Insomnia

Do you?

  • find it difficult to fall asleep
  • wake up during the night
  • wake up early in the morning
  • feel irritable and tired all the time
  • find it difficult to function during the day

What is Insomnia?

Insomnia is difficulty getting to sleep or staying asleep for long enough to feel refreshed the next morning, even though you have had enough opportunity to sleep.

It is difficult to define what normal sleep is because everyone is different. Your age, lifestyle, environment and diet all play a part in influencing the amount of sleep you need.

The relationship between sleep and mental health

Sleep problems are the most common cause of poor mental health.

Sleep problems have a direct negative impact on quality of life, and can increase the risk of developing further psychological problems such as anxiety or depression.  Up to 80% of patients with major depression report sleep disturbances.  And research shows that poor sleep can make existing problems worse, can maintain mental health issues longer and also act as a barrier to successful treatment.  Furthermore, insomnia can increase the risk of developing of a variety of other chronic illnesses including cardiovascular disease, chronic pain disorders, obesity and diabetes.

What causes insomnia?

There are a number of causes of sleep problems:

  • Ageing – as people age they tend to need less sleep
  • Medical reasons e.g. pain or medication can affect sleep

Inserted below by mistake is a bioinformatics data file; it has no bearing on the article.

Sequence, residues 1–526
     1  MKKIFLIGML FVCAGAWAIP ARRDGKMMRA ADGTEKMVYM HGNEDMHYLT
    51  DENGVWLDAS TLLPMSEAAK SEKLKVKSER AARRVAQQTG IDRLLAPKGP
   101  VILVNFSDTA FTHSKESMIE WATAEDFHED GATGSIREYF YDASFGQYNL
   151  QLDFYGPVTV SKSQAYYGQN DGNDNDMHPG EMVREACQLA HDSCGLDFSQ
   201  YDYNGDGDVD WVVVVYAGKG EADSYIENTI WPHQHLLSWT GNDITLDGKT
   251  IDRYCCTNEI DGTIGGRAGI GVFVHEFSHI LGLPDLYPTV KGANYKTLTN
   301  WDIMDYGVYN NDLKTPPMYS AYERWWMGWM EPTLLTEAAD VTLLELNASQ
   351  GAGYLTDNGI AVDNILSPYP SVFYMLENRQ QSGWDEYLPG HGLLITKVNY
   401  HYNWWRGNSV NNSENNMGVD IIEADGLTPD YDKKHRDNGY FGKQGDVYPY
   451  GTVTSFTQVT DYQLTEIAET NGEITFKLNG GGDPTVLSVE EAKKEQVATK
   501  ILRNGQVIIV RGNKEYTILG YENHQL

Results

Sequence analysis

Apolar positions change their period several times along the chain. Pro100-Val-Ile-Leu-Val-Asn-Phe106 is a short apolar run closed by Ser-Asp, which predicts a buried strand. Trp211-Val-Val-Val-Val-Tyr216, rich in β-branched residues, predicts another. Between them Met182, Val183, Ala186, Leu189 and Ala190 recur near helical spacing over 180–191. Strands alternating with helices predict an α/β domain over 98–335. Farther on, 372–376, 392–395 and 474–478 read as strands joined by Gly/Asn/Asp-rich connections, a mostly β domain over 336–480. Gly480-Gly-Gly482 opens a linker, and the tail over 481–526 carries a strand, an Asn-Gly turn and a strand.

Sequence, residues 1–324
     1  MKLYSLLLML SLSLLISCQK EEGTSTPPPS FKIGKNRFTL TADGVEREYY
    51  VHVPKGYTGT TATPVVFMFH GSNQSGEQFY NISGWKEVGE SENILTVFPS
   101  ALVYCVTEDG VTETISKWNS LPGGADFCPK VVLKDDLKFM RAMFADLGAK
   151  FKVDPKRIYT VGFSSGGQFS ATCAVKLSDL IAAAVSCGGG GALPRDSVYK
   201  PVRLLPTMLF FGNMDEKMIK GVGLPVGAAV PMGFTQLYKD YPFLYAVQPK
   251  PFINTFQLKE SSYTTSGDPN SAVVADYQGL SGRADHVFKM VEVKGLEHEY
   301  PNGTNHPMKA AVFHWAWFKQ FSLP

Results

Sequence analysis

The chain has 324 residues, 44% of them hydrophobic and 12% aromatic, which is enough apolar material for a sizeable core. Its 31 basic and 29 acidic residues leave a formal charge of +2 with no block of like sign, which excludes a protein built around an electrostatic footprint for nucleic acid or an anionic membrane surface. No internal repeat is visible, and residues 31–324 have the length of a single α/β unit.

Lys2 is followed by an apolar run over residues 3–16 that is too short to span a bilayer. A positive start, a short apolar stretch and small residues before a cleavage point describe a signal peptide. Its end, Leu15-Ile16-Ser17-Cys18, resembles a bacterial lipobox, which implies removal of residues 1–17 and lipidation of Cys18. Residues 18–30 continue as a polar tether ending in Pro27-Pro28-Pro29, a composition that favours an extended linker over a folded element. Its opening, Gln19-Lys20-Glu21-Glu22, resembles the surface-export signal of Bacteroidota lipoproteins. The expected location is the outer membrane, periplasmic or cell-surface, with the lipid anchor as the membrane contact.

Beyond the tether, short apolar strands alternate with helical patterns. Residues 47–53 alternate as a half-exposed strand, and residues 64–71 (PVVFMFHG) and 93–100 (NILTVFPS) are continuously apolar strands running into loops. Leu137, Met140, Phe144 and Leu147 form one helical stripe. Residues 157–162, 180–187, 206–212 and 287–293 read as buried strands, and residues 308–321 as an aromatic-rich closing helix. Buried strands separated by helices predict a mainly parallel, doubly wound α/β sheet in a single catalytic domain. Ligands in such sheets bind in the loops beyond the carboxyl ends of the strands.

• Stress, anxiety and worry
  • Depression and low mood
  • Environmental factors such as temperature, noise or light can interfere with sleep
  • Shift work can disrupt sleep
How common is it?

Most people experience sleeping problems at some point in their life. Persistent insomnia (getting to sleep and/or staying asleep) affects approximately 10% of people. Every day, 38% of adults in the UK are estimated to be suffering from at least one insomnia symptom. It tends to be more common in women and more likely to occur in older age.

What can I do about it?

If you feel that you are experiencing problems with your sleep, iCope can offer you a range of effective evidence-based Cognitive Behavioural Therapy treatments including:

  • Sleep group – where you can learn strategies for overcoming sleep difficulties
  • Guided self-help – where a psychological wellbeing practitioner will guide you through a self-help book on insomnia
  • Sleepio – an online CBT programme
  • Individual CBT therapy sessions

Cognitive Behavioural Therapy may include working through educational material so you can understanding insomnia and sleep problems, make adjustments to ‘sleep hygiene’ and use diaries to monitor sleep and record improvements so you can see evidence of the change happening for yourself.

If you would like help, request an appointment here. Alternatively, you may wish to speak to your GP.

How can I help myself?

There are a number of things you can do at home to help you sleep. This is often referred to as good sleep hygiene, and includes:

  • establishing fixed times for going to bed and waking up (avoid sleeping in after a poor night’s sleep)
  • trying to relax before going to bed
  • maintaining a comfortable sleeping environment (not too hot, cold, noisy or bright)
  • avoiding napping during the day
  • avoiding caffeine, nicotine and alcohol late at night
  • avoiding exercise within four hours of bedtime (although exercise in the middle of the day is beneficial)
  • avoiding eating a heavy meal late at night
  • avoiding watching or checking the clock throughout the night
  • using the bedroom mainly for sleep and sex if possible

 

The ‘good thinking’ website is also a very useful resource: Good thinking